Bill Mott is the principal chemical and materials engineer and president of Taku Engineering. Mott was born and raised in Montville, Connecticut, but dreamed of living in Alaska as a child. He graduated from the University of Connecticut with degrees in chemical and materials engineering. He joined Ocean City Research Corporation and conducted laboratory studies on corrosion, cathodic protection (CP), coatings, and high cycle fatigue of metals. Mott moved to Alaska in 1990 to assist Alyeska Pipeline Service Company (APSC) with managing corrosion on the Trans Alaska Pipeline System. In 2001, he co-founded Taku Engineering.
Mott has designed and led a variety of successful corrosion engineering related projects. Notable projects he has led include TAPS MP 780-800 CP upgrades; APSC tank maintenance program; Nuiqsut Pipeline coating repair; APSC Tank 111 CP system design; and the Red Dog Port impressed current system upgrades.

Mott has become a recognized corrosion control expert over the course of thirty years of practice. He is recognized by the National Association of Corrosion Engineers (NACE) as a CP Specialist (CP-4) and senior internal corrosion technologist. He has assisted NACE with the development of new CP Technologist (CP3) and Specialist (CP4) exams. His work has been presented in several NACE and SSPC annual conferences. His articles have been published in World Pipelines magazine and in the Journal of Protective Coatings and Linings. In addition to his work with NACE, Mott currently serves on the Alaska State Board of Architects, Engineers, Land Surveyors, and Landscape Architects.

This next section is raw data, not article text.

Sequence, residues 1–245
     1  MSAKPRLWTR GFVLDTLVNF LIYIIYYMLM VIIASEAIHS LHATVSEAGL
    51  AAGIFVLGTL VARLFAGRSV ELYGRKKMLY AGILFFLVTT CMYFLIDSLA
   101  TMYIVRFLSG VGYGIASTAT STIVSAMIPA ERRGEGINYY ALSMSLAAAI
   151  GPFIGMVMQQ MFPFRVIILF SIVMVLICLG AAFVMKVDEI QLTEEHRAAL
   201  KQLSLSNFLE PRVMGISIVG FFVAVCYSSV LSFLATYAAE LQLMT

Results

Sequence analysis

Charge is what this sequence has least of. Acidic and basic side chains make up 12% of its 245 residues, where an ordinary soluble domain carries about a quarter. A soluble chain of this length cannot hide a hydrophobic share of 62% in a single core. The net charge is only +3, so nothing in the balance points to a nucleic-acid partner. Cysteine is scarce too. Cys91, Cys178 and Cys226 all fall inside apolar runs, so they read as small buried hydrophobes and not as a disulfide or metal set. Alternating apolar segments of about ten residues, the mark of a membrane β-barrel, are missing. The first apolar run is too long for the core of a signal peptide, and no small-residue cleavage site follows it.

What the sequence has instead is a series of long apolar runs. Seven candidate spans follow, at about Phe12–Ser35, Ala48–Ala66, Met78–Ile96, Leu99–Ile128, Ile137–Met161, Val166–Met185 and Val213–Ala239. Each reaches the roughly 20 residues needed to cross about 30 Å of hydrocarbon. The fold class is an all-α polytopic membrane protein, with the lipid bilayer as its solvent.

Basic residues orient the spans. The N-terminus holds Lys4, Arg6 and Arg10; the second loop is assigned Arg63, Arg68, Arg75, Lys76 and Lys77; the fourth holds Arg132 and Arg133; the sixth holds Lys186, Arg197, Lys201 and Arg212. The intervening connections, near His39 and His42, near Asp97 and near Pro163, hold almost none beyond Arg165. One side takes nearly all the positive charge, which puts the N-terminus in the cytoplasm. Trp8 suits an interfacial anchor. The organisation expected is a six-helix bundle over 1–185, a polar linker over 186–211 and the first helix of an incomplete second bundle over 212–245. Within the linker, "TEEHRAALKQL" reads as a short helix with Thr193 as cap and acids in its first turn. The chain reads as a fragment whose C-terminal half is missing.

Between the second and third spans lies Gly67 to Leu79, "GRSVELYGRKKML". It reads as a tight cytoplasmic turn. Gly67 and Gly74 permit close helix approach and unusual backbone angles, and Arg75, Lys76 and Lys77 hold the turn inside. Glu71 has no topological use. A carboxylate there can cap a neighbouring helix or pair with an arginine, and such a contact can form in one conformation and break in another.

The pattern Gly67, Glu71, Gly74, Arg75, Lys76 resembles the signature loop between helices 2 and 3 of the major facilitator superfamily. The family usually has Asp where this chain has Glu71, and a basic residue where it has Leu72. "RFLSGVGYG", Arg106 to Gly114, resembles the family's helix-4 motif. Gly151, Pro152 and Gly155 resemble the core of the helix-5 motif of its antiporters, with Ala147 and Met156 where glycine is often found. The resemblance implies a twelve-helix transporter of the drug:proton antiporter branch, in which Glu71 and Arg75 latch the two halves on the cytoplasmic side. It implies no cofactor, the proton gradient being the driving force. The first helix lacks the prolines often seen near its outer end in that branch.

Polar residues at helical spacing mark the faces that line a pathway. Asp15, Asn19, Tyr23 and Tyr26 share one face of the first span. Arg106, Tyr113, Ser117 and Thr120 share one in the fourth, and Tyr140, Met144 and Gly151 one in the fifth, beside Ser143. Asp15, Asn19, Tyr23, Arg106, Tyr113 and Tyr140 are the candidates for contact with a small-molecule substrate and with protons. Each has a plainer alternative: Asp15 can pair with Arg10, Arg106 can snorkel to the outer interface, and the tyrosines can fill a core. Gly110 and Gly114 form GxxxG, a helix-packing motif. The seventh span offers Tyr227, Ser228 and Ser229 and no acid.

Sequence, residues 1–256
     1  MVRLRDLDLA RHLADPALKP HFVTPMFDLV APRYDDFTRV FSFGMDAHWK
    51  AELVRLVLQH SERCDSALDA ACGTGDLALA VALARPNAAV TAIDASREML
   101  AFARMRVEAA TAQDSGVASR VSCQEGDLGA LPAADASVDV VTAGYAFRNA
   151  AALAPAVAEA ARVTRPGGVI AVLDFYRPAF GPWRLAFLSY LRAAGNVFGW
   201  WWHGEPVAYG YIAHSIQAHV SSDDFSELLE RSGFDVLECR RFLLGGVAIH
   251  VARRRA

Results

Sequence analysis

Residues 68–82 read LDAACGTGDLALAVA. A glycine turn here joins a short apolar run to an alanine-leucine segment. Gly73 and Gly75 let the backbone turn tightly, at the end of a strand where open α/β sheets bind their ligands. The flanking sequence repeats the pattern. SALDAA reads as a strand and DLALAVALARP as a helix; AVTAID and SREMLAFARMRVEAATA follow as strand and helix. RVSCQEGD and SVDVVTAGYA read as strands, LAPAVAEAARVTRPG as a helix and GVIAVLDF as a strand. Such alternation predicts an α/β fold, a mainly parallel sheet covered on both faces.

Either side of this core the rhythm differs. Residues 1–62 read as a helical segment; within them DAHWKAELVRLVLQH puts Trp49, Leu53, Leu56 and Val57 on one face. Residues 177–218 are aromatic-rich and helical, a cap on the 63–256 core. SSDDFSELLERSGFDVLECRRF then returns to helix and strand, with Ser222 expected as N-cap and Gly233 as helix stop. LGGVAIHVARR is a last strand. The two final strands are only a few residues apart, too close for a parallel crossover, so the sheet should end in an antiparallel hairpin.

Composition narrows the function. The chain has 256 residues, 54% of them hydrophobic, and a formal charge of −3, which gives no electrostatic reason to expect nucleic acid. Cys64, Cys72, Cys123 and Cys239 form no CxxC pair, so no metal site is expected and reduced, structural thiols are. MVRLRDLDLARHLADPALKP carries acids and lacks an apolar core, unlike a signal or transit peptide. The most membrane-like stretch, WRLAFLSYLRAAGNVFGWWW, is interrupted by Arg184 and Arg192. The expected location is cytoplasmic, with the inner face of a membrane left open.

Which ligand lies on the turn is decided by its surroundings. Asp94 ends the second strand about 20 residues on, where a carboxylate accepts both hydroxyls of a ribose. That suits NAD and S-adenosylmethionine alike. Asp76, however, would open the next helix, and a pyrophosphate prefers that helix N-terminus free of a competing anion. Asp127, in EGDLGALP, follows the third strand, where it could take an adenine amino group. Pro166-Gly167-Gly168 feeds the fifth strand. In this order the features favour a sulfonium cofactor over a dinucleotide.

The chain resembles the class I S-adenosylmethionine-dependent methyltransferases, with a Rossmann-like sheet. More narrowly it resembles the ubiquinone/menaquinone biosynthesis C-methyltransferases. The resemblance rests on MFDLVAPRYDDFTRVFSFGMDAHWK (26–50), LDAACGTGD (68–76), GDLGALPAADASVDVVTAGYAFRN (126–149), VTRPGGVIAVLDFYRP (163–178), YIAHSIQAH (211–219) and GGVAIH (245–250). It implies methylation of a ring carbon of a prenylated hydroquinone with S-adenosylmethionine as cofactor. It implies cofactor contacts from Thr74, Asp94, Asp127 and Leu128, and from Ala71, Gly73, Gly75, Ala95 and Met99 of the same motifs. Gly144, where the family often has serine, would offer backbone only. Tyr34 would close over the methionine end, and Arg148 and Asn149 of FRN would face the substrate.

Danny Kane headshot
Danny Kane
Danny Kane has more than twelve years of Alaska oil and gas industry experience, most recently as a Senior Drilling Engineer with ConocoPhillips Alaska. He graduated with a bachelor’s in environmental sciences from the University of Virginia and shortly thereafter moved to Alaska to start his career.